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[170] Who is at the gates? Call from the house Kadmos, son of Agenor, who leaving the city of Sidon built this towering city of the Thebans. Let someone go and announce that Teiresias is looking for him. He knows why I have come and [175] what agreement I, an old man, have made with him, older still: to twine the thyrsoi, to wear fawn-skins, and to crown our heads with ivy branches.

Dearest friend, for inside the house I heard and recognized your wise voice, the voice of a wise man; [180] I have come prepared with this equipment of the god. For we must extol him, the child of my daughter, [Dionysus, who has appeared as a god to men] as much as is in our power. Where must I dance, where set my feet [185] and shake my grey head? Show me the way, Teiresias, one old man leading another; for you are wise. And so I shall never tire night or day striking the ground with the thyrsos. Gladly I have forgotten that I am old.

Then you and I have the same feelings, [190] for I too feel young and will try to dance.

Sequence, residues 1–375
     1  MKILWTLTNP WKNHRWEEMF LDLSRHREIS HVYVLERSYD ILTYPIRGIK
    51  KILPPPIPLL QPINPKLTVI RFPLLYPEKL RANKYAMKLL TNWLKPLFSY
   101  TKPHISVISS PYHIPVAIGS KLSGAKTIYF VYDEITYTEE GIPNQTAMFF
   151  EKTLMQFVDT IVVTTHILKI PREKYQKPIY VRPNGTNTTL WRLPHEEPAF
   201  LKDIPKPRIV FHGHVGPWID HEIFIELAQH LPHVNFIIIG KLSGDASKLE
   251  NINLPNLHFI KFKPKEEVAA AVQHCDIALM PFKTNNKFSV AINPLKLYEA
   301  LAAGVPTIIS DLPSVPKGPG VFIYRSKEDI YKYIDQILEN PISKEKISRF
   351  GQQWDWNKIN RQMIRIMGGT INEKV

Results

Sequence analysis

Then will we go to the mountain in a chariot?

But then the god would not have equal honor.

I, an old man, will lead you, an old man, like a pupil.

The god will lead us there without trouble.

[195] Are we the only ones in the city who will dance in Bacchus' honor?

Yes, for we alone think rightly, the rest wrongly.

The delay is long; come, take hold of my hand.

Here, take hold, and join your hand with mine.

Having been born mortal I do not scorn the gods.

[200] We mortals have no cleverness in the eyes of the the gods.1 Our ancestral traditions, and those which we have held throughout our lives, no argument will overturn, not even if some craftiness should be discovered by the depths of our wits. 2 Will anyone say that I do not respect old age, [205] being about to dance with my head covered in ivy? No, for the god has made no distinction as to whether it is right for men young or old to dance, but wishes to have common honors from all and to be extolled, setting no one apart.

[210] Since you do not see this light, Teiresias, I will be your interpreter. Pentheus, child of Echion, to whom I gave control of this land, is coming here to the house now in haste. How fluttered he is! What new matter will he tell us?

1 Dodds admits that the text, as it appears in Murray, should be translated this way, but feels that the line should mean “nor do we use cleverness on the gods” or something similar. He argues for another reading that would allow this.

2 This translation, though literal, fudges on the meaning: a)krai\ fre/nes must mean something like “best” or “most subtle minds.”

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    • Sir Richard C. Jebb, Commentary on Sophocles: Oedipus Tyrannus, 513-862
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